When a member of your family, a close friend or loved one passes away and you believe there is a discernible error within their will left behind, or that it has not been correctly implemented, then you could have a valid reason to legally contest the contents of their will in court.
The process of contesting a will is often complex, which makes expert legal advice essential to validate your situation before committing to formal legal proceedings. This comprehensive guide covers all aspects involved with contesting a will and outlines the necessary steps that need to be taken to submit a successful claim.
How to contest a Will
The validity of the Will document can be contested on because it was not properly signed because the person making the Will was not of sound mind or that the Will was made under duress ie the undue influence of someone. A person who was a dependent on the deceased in Northern Ireland, who has not been properly provided for, can also challenge the implementation of a Will under The Inheritance (Provision for Family and Dependents) (NI) Order 1979.
Who can contest a Will?
The Inheritance (Provision for Family and Dependents) (NI) Order 1979 act provides that certain categories of people who believe they should have been provided for. These people may not have been included in the will but may have grounds to dispute the will of the deceased person because they had a responsibility to provide for certain members of their family and/or other dependents. There is no set list of people who are guaranteed success when challenging a Will, and the circumstances of each case will be examined.
Grounds for appeal include the following:
- Lack of testamentary capacity – The person creating the terms of the will, known as the testator, must be of sound mind when they create and sign the document. They must understand the full extent of their estate and possessions and understand who they are choosing to include and exclude.
- Lack of due execution – The testator must sign their will in the presence of at least two formal witnesses who are present at the time of signing. Each witness must then also give a signed receipt that they have witnessed the signing of the will by the testator. If there is any evidence to suggest otherwise, then a claim of lack of due execution may then be raised.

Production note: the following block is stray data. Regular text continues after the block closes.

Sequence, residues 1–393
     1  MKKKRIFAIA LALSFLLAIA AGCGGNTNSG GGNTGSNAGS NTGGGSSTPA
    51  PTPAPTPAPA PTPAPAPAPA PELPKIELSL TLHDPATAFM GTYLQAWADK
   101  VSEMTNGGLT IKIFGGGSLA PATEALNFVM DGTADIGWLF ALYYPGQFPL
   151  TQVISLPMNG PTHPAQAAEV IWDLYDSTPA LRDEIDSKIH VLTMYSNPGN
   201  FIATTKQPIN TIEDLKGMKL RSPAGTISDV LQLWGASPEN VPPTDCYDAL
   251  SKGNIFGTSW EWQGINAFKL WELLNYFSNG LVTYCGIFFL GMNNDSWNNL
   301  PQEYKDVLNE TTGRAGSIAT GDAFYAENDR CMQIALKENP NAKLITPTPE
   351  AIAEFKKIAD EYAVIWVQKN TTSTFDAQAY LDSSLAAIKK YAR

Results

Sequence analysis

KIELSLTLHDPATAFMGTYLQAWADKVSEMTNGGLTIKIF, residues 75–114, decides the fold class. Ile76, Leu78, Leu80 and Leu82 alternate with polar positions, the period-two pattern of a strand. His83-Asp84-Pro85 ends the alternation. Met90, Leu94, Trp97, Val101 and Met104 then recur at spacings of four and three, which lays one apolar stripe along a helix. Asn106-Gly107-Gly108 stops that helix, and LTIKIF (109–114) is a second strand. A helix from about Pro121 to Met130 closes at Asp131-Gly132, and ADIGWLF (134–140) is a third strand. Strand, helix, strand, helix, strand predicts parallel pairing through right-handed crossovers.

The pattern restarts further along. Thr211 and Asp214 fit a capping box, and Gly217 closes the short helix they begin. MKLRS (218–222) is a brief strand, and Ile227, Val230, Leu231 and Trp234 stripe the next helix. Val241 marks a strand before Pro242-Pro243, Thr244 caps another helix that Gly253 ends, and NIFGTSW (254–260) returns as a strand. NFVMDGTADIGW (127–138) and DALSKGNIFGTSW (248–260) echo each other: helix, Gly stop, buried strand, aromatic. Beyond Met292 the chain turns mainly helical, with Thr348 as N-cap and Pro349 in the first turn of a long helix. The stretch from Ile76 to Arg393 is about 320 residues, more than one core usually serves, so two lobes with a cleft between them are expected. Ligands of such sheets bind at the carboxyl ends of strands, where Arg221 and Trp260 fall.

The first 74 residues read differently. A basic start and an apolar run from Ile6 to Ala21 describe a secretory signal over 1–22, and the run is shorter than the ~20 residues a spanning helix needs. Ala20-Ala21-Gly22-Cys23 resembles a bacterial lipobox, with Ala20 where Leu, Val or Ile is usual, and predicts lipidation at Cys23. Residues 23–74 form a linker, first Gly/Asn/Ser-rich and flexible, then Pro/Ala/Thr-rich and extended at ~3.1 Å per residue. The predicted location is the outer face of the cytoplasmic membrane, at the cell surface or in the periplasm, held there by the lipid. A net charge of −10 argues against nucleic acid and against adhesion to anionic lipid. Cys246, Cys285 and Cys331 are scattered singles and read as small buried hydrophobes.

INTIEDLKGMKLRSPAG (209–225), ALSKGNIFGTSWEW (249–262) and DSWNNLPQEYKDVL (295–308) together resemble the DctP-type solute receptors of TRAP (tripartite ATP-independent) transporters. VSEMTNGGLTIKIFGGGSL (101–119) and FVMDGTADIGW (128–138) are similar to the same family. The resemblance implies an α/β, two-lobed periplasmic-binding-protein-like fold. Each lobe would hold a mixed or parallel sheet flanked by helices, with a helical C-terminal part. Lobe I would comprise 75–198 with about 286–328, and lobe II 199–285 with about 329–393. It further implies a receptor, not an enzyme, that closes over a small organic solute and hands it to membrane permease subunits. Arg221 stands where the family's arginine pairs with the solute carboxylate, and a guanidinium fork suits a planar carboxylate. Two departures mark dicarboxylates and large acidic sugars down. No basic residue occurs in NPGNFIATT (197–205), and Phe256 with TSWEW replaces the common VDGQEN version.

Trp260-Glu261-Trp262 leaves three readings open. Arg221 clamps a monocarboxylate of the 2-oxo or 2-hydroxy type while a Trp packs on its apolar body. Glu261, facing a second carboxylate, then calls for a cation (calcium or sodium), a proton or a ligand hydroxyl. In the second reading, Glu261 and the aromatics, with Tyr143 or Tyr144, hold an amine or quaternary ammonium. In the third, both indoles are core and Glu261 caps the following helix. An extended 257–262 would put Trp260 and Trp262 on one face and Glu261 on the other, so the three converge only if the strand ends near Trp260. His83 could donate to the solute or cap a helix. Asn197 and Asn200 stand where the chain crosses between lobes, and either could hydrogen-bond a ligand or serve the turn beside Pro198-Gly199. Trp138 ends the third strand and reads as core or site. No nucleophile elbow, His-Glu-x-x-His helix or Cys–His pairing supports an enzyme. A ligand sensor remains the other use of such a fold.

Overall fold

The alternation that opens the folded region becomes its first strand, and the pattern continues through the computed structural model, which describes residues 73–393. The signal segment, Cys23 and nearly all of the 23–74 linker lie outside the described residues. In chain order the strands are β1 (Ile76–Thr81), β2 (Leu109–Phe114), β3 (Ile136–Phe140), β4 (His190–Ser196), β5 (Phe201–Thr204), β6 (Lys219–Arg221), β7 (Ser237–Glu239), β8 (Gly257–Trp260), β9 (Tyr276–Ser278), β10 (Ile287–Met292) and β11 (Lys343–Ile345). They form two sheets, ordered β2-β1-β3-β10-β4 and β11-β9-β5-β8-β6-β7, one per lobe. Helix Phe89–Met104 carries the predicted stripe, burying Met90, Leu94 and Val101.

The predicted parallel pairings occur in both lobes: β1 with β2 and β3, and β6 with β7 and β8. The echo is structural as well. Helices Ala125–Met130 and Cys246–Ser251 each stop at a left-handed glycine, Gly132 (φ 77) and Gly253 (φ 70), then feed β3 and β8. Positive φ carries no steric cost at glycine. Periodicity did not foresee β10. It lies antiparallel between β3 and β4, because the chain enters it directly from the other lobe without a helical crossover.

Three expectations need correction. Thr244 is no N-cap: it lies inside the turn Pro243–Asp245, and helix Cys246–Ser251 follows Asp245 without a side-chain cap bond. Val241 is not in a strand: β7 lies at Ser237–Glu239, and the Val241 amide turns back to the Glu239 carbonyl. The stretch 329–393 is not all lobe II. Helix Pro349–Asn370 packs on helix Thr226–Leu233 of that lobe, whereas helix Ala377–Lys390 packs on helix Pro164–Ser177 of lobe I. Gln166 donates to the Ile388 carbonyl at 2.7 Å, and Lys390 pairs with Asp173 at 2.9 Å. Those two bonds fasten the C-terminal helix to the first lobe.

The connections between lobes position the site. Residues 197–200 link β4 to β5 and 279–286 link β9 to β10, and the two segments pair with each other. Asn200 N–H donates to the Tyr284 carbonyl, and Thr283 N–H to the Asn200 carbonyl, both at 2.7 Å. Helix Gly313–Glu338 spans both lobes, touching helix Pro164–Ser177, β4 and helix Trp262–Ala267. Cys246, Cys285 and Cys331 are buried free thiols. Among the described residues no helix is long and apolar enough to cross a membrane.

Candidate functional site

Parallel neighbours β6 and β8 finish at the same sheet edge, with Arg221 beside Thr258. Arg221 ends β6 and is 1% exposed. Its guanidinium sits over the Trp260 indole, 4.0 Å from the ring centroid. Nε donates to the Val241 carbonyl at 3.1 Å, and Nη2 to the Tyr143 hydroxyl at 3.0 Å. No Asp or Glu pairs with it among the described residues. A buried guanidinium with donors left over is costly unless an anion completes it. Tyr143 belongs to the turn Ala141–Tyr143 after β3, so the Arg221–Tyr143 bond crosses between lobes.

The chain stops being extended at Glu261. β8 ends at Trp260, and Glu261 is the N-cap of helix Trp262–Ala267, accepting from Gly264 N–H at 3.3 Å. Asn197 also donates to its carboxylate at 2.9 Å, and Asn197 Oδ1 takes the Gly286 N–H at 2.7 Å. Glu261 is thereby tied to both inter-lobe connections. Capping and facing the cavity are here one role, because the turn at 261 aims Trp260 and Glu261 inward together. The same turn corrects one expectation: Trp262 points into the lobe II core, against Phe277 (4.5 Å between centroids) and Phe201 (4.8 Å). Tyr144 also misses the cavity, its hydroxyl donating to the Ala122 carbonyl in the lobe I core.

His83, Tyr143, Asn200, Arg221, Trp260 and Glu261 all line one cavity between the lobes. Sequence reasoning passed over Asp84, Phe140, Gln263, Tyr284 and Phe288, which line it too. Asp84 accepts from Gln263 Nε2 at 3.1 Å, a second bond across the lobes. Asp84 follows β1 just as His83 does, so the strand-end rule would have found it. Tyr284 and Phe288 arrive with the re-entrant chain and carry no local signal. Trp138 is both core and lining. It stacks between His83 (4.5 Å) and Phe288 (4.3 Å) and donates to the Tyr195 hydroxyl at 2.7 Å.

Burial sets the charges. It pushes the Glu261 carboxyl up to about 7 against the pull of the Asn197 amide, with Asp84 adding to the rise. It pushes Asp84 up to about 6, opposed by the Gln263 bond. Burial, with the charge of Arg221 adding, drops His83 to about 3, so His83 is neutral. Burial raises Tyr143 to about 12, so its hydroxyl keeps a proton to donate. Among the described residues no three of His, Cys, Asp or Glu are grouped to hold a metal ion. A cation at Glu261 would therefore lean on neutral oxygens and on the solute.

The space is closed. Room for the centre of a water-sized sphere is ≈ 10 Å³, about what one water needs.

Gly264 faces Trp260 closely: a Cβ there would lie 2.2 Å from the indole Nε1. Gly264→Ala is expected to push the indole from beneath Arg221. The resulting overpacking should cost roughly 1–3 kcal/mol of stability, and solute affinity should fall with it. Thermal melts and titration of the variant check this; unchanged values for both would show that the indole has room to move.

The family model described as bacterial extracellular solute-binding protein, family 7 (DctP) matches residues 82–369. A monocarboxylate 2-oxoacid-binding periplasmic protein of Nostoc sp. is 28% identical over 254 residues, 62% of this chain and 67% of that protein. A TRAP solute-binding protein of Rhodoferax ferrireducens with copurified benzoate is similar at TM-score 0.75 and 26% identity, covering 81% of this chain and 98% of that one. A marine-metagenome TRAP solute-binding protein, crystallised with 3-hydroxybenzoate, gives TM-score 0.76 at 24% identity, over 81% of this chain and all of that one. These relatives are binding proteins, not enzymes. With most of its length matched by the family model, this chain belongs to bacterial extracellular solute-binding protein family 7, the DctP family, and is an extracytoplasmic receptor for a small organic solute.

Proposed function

- Undue coercion – A claim may be raised if there is significant evidence to suggest that the testator has been manipulated into submitting unfair or invalid terms within their will. Due to the nature of this claim, the supporting evidence must be of a high standard to stand any chance of it being successful.
- Fraud – It’s possible to contest a will if the claimant has valid grounds to suggest that the will has been forged in any way. For instance, if a testator instructs another person to formalise the terms of their will, and then that person submits false terms to benefit themselves and forges the signature of the testator, then the will may be overturned and declared fraudulent.
Challenging a Will
When someone is contesting a Will under the provisions of this legislation, they make an inheritance provision claim under the Inheritance (Provision for Family and Dependents) (NI) Order 1979. In Northern Ireland many of these inheritance provisional claims can be settled out of court by negotiation.
How long do you have to contest a will?
The information below details the most common types of claims and the allotted time in which they must be made:
- Inheritance act – Six months from the issue of the grant of probate
- Claim for maintenance – Six months from the issue of the grant of probate
- Beneficiary making claim against the will – 12 years from date of the death
- Fraud – No time limit
Contact one of our expert solicitors
It is greatly beneficial to seek legal advice from a specialist solicitor at McPartland & Sons as there is a time limit to contesting a Will under this legislation. If you believe you have a valid reason to contest a will one of our experts will be able to assess whether or not you may have a claim and explain the process of contesting a Will and advise you on how to get started.
Related blog: The Dangers Associated with DIY Wills